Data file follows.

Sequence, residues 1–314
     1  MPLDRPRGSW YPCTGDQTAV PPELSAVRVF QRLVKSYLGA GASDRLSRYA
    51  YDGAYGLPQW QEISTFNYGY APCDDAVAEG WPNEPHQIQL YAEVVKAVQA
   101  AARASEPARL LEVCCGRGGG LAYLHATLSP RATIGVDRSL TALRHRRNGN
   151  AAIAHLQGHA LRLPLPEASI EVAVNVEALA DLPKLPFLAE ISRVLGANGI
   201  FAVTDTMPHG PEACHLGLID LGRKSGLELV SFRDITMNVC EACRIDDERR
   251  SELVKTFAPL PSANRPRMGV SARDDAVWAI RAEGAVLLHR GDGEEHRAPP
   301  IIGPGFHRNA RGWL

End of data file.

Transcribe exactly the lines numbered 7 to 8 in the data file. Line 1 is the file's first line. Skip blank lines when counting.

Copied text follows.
   251  SELVKTFAPL PSANRPRMGV SARDDAVWAI RAEGAVLLHR GDGEEHRAPP
   301  IIGPGFHRNA RGWL